“The Arab dictatorial regimes in the Persian Gulf are unable to contain the popular uprisings,” he was reported as saying. “The dictators should relinquish power, end their savage crimes and let the people determine their own future instead of … opening an unworkable front against Iran.”

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Fear And Loathing In The House of Saud

Posted on 20 April 2011 by hashimilion

Early last week, US President Barack Obama sent a letter to Saudi King Abdullah, delivered in person in Riyadh by US National Security Advisor Thomas Donilon. This happened less than a week after Pentagon head Robert Gates spent a full 90 minutes face to face with the king.

These two moves represented the final seal of approval of a deal struck between Washington and Riyadh even before the voting of UN Security Council resolution 1973. Essentially, the Obama administration will not say a word about how the House of Saud conducts its ruthless repression of pro-democracy protests in Bahrain and across the Persian Gulf. No ”humanitarian” operations. No R2P (”responsibility to protect”). No no-fly or no-drive zones.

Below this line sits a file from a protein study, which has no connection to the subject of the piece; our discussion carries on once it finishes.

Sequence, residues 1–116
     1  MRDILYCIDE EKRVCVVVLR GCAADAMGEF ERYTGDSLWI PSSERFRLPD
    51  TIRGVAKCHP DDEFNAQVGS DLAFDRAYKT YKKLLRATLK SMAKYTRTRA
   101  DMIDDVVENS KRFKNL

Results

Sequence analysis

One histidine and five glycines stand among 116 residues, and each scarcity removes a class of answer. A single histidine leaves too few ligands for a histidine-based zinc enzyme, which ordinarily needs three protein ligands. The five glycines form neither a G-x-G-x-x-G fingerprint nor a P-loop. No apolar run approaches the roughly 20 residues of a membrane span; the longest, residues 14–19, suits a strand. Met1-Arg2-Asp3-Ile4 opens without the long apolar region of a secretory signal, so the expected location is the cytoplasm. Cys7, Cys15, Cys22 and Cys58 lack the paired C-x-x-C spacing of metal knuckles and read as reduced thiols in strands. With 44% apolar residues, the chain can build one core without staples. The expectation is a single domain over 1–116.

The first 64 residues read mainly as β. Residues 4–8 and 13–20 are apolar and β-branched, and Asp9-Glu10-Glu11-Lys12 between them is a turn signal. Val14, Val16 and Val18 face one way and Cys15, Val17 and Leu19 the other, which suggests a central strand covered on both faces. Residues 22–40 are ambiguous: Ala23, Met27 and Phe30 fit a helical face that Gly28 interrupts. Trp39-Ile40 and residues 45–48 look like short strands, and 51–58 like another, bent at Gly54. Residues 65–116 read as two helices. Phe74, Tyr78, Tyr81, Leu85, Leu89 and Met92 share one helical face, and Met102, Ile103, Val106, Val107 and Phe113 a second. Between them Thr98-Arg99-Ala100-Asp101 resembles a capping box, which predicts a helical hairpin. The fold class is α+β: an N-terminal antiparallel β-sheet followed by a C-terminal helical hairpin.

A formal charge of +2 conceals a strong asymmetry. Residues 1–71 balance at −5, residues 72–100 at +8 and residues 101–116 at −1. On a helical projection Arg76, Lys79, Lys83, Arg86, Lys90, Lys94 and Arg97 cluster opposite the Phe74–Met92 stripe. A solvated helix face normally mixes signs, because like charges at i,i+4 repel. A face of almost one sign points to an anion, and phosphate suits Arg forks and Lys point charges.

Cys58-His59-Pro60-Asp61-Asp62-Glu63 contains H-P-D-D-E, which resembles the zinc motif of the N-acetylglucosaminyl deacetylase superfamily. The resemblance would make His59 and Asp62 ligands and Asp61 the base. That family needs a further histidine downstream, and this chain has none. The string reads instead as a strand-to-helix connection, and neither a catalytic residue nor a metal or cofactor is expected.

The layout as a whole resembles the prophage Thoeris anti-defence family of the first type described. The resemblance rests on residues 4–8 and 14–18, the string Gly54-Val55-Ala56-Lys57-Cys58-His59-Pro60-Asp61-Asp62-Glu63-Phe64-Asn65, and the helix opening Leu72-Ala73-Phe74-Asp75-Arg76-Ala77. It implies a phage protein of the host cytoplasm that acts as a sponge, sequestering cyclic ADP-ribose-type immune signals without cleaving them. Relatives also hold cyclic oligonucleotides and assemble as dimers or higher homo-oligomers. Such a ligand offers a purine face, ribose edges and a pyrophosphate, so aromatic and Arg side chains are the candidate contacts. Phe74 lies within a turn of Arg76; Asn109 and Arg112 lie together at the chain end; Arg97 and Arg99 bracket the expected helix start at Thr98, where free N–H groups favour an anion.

Progressives of the world take note: the US-Saudi counter-revolution against the Great 2011 Arab Revolt is now official.

Those ‘pretty influential guys’

The wealthy, truculent clan posing as a perpetual absolute monarchy that goes by the name House of Saud wins on all fronts.

Last month’s ”Day of Rage” inside the kingdom was ruthlessly preempted – with the (literal) threat that protesters would have their fingers cut off.